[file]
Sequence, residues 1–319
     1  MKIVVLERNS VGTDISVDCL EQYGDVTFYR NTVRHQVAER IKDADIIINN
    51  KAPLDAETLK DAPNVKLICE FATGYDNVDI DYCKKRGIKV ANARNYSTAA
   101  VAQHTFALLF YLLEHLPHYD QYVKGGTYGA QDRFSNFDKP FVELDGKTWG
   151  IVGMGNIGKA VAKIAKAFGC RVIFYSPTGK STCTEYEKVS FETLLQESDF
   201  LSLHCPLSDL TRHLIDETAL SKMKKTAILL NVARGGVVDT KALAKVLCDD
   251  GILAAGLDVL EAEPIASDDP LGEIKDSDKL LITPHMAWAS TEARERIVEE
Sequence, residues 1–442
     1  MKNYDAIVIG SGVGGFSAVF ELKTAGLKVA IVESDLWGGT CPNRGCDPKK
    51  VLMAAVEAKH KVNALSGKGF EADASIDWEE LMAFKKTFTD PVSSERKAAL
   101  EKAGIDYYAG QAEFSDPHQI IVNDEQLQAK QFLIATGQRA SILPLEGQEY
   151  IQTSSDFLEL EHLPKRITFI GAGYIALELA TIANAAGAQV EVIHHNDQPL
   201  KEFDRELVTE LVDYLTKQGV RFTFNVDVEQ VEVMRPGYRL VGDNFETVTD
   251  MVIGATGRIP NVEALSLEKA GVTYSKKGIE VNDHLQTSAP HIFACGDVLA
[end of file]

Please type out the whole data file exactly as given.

Sequence, residues 1–319
     1  MKIVVLERNS VGTDISVDCL EQYGDVTFYR NTVRHQVAER IKDADIIINN
    51  KAPLDAETLK DAPNVKLICE FATGYDNVDI DYCKKRGIKV ANARNYSTAA
   101  VAQHTFALLF YLLEHLPHYD QYVKGGTYGA QDRFSNFDKP FVELDGKTWG
   151  IVGMGNIGKA VAKIAKAFGC RVIFYSPTGK STCTEYEKVS FETLLQESDF
   201  LSLHCPLSDL TRHLIDETAL SKMKKTAILL NVARGGVVDT KALAKVLCDD
   251  GILAAGLDVL EAEPIASDDP LGEIKDSDKL LITPHMAWAS TEARERIVEE
Sequence, residues 1–442
     1  MKNYDAIVIG SGVGGFSAVF ELKTAGLKVA IVESDLWGGT CPNRGCDPKK
    51  VLMAAVEAKH KVNALSGKGF EADASIDWEE LMAFKKTFTD PVSSERKAAL
   101  EKAGIDYYAG QAEFSDPHQI IVNDEQLQAK QFLIATGQRA SILPLEGQEY
   151  IQTSSDFLEL EHLPKRITFI GAGYIALELA TIANAAGAQV EVIHHNDQPL
   201  KEFDRELVTE LVDYLTKQGV RFTFNVDVEQ VEVMRPGYRL VGDNFETVTD
   251  MVIGATGRIP NVEALSLEKA GVTYSKKGIE VNDHLQTSAP HIFACGDVLA